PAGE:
Where Pulp Fiction seemed mostly a director's exercise, Go could be considered an actor's exercise. Director Doug Liman has gathered an amazing amount of talent here. His smartest move is placing up-and-coming actress Sarah Polley as Ronna. Polley, who made a lasting impression in 1997's The Sweet Hereafter, has consistently shown the ability to improve the material that she must work with. She's the only character that we care about, since her motives for getting the drugs are grounded in reality. Scott Wolf is superb as Adam--this proves that he's got the talent and not just the good looks (though he is extremely gifted in physical appearance as well). Wolf could easily be described as a young Tom Cruise. Jay Mohr is also great as Zack, and he works extremely well with Wolf. Taye Diggs is very strong as Marcus, showing that his talent in How Stella Got Her Groove Back was no fluke. Timothy Olyphant makes for a surprisingly sympathetic drug dealer, exuding charm in every scene. Jane Krakowski, from TV's Ally McBeal, is hilarious in her few scenes, as is William Fichtner, who continues to give good performances no matter how poor the material may be. And of course, Katie Holmes, giving a small but subtle performance as an innocent bystander to everything that occurs. It's a top-notch cast that bolsters the screenplay.

Doug Liman directs Go with an assured hand and does about as good a job as one might expect of the material. Unfortunately, Liman also works as the cinematographer (which sounds like my dream job), filming everything with a frantic pace that gets jarring to the point of annoying. His camerawork is so spastic that at times it was insanely hard to understand what was going on. At other times, he captures some beautiful images. It's just not enough. Liman underplays everything with a dark sense of humor, which occasionally seems appropriate. Unfortunately, where Pulp Fiction was extremely funny, Go is extremely shocking, especially during one moment when Ronna is run down by a car. It's played up for laughs, but it isn't funny in the least. Of course, this may just be a result of the screenplay by John August. His script weaves in and out of each scenario, layering everything until the optimistic climax that leaves you feeling good in the end. August's dialogue is strong, but where he goes wrong is in the second segment, where logic and intelligence seems to be thrown out the window. His characters don't seem clearly defined--sometimes, they are smart; sometimes, they are not.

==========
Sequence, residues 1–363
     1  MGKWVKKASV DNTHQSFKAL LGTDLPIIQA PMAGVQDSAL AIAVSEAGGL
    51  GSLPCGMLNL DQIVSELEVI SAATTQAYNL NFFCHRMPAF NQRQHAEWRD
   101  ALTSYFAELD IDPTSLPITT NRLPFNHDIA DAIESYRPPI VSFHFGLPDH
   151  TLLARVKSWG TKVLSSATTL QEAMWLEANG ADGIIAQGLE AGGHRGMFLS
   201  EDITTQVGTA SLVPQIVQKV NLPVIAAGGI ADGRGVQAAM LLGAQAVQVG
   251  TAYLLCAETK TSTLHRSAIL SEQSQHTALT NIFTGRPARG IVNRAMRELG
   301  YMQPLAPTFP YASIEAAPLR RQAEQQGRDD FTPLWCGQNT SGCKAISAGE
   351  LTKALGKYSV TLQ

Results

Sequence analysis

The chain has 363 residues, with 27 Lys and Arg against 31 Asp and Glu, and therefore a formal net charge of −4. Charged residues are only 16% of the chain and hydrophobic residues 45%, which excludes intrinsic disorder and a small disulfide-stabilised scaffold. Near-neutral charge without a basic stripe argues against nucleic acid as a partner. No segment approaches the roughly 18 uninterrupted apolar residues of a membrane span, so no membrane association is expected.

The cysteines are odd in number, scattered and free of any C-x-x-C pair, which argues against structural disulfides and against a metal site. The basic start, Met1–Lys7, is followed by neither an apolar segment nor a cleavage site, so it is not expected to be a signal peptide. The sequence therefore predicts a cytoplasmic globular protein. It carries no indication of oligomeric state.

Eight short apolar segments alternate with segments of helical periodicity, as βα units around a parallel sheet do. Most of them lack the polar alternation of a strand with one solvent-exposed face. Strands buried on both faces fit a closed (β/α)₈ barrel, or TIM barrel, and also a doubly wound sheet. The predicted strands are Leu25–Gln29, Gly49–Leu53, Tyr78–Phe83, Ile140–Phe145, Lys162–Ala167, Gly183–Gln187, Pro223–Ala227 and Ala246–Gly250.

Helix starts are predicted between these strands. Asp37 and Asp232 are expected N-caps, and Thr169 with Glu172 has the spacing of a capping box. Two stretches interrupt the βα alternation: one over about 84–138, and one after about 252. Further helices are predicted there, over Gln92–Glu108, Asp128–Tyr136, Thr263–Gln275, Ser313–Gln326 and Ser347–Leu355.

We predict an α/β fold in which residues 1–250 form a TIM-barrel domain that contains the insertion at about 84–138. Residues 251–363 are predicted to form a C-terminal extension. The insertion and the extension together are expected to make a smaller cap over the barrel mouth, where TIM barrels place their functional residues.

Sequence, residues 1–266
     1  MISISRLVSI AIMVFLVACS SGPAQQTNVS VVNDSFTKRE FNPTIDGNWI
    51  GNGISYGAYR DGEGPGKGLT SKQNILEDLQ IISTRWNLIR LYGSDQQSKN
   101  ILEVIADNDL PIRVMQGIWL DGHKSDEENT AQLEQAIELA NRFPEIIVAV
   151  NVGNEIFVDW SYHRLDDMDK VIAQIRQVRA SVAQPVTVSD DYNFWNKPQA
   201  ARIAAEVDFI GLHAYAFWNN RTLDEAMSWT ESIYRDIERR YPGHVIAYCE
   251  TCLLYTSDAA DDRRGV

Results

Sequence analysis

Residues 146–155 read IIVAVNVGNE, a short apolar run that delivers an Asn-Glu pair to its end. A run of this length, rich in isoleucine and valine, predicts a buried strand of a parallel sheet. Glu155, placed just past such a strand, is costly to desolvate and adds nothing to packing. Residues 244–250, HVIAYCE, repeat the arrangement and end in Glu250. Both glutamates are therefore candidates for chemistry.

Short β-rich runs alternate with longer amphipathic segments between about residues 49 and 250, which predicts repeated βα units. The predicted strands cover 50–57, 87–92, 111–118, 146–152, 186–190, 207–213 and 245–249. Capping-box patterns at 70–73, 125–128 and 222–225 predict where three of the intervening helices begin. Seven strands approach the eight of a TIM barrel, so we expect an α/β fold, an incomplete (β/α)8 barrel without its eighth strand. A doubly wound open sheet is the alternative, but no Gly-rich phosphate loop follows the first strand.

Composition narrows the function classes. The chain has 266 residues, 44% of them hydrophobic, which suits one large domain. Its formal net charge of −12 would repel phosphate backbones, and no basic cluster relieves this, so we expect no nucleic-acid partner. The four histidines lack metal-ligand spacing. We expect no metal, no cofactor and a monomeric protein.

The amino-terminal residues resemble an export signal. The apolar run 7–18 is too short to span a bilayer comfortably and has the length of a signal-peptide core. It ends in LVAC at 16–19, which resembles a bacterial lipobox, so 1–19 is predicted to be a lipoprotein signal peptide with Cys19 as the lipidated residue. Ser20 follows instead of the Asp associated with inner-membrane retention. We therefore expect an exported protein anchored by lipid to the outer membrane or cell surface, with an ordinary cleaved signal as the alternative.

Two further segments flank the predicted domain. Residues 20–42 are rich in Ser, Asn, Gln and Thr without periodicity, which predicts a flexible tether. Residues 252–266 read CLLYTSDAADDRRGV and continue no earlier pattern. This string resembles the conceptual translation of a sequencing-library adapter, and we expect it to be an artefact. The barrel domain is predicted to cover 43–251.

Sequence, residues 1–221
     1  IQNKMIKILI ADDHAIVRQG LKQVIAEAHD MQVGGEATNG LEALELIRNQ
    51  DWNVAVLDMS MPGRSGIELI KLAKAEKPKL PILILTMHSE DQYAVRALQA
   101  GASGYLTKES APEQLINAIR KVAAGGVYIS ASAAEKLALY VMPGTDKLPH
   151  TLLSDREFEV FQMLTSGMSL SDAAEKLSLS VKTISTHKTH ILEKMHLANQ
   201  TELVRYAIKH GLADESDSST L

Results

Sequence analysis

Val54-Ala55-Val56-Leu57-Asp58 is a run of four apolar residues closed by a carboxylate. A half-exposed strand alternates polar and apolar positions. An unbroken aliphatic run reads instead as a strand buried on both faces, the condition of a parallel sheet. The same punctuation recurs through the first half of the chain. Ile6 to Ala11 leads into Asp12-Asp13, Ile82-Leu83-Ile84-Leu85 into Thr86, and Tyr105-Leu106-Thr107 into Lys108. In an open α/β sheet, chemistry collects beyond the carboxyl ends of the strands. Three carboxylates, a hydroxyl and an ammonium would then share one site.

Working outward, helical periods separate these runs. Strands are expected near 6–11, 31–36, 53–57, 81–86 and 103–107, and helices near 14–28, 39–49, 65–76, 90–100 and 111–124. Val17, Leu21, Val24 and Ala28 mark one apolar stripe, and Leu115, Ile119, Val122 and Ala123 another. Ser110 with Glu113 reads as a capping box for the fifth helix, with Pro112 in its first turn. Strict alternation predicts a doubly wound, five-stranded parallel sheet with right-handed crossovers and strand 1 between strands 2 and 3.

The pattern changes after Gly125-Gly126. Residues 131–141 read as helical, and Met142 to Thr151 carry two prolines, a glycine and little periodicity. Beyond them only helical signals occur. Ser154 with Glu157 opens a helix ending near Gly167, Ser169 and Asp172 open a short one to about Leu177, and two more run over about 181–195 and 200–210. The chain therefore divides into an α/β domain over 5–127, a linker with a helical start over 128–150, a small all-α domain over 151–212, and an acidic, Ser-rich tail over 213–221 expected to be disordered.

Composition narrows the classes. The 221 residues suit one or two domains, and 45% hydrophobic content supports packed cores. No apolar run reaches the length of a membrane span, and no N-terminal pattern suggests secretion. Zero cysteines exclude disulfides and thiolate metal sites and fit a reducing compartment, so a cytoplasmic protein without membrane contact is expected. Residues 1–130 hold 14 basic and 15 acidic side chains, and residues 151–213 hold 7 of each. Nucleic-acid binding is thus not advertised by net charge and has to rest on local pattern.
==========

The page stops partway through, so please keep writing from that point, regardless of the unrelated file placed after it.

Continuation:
Go is rated R for strong drug content, sexuality, nudity, language and some violence. The sex and nudity is surprisingly uncalled for--it seems more of a plea to keep viewers watching (since, of course, the target audience wants to watch this sort of stuff). There's everything from straight sex to lesbian sex (although the latter occurs during the straight sex scenes). Originally, the film contained a sex scene involving Jay Mohr and Scott Wolf, but this was cut before it was released. Apparently, director Liman felt the scene to be unnecessary for the plot to work--of course, he doesn't realize that every sex scene in the film is unnecessary for the plot to work. This is a very male-oriented film, targeted towards teen males. For those who may want to check out the Wolf-Mohr scene, it will be included on the DVD version. As is, however, Go succeeds in entertaining, taking us on a perpetual ride of surprises and humor. It's no where near the quality of Pulp Fiction, but it'll do. Call this the "teen version of Pulp Fiction."

*** out of ****

Reviews by Boyd Petrie